It seems like it's too soon for us to already be in the second month of 2015 already! At the end of last year, I was determined to make this a better year, and in many ways it already has been. I started the year off in Detroit, playing principal in their Cirque de la Symphonie show. Being back for the first time since the end of the fellowship was nice. It's very refreshing not only to play principal, but to play principal with such a great sounding orchestra. Being in Detroit for 2 years wasn't the most enjoyable experience of my life, but I do admit that I may have taken the sound of the group for granted - a group with many magnificent individuals, I might add.
Shortly after subbing with the DSO, I returned to Knoxville to play the first masterworks of the year. The large piece on the program was Tchaikovsky 4. The performances were good, and it was interesting to play this piece from a non-principal perspective. The piece is filled with very exposed solo passages in many of the winds, and it made me think of the power a single person can have in an orchestra. Being technically proficient is one thing, but what about attitude, emotion, and everything else that makes music actually sound good? I let this marinate for a while - all the way back to Memphis.
Two days into my time back home I got an invitation to a solo violin recital being given by my good friend, Priscilla. Hearing these unaccompanied works being played so virtuosically continued my thoughts about the power of an individual. To create great music together, we must be able to create great music alone, right? That logic made sense to me until Priscilla started doing fancy double stops, plucking and bowing simultaneously, and performing musical feats that simply cannot be replicated by a solo bassoon.
I know there's some smart ass out there that has explored extended techniques and figured out a way to do more violin-type things on bassoon, but for the rest of us, what does this mean? Are some musicians destined to always play supportive roles in music? Are others supposed to take more of a leadership role, no matter what? Because I think way too much, I translate instruments into actual people and personality types. Why should someone born with a loud, trumpet-like personality be celebrated more than the person whose outgoing-ness is like a clavichord?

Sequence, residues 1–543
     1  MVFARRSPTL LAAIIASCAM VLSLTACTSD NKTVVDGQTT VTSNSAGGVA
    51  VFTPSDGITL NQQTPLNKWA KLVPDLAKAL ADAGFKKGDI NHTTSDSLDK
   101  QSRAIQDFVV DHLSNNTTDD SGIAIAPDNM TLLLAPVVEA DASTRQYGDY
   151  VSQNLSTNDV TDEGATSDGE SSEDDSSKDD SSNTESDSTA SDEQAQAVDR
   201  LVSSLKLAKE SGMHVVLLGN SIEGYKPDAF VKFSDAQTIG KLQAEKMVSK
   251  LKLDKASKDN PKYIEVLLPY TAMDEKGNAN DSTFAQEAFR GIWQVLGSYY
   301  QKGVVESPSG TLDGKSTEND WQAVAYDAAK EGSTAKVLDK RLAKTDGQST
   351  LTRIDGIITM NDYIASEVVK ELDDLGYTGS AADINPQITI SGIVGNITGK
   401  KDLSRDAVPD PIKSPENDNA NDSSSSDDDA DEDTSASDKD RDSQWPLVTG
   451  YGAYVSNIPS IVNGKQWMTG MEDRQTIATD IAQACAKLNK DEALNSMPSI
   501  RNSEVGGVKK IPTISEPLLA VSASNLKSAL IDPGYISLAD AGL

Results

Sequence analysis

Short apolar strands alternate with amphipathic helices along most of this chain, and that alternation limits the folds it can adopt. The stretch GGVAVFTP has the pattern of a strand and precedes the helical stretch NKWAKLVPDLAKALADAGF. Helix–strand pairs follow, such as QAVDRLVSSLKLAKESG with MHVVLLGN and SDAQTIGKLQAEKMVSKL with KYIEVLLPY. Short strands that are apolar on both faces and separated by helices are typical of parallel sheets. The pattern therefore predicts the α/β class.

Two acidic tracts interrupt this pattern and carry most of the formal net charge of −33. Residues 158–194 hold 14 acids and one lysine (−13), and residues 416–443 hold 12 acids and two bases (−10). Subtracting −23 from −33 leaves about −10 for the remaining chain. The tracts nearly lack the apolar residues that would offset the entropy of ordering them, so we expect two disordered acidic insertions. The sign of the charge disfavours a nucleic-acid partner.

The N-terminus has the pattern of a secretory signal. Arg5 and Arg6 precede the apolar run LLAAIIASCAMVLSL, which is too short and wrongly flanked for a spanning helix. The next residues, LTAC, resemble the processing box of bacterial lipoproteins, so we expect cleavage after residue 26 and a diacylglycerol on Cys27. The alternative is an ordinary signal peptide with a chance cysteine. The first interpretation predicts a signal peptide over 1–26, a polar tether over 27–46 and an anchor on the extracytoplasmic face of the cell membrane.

I read a short story during rehearsal yesterday about a high school kid who writes music, and the last note he wrote in a piece of music for a girl named Selma was described as so beautiful it'd be heard for all eternity. Selma thought it was so beautiful that she fainted and died after hearing it. So who's to blame for such a beautiful work of art - the kid who composed it or the kids that performed it? Each person in the room had something to do with the reaction, so even if we only recognize the very talented high schooler for everything, we know that the entire experience is due to the diverse experiences, strengths, and powers of the individuals. Selma will never know the shy little girl who was playing 3rd clarinet, but thank God for her!
So if the mother of the young girl who died pressed charges, who's going to jail for murder?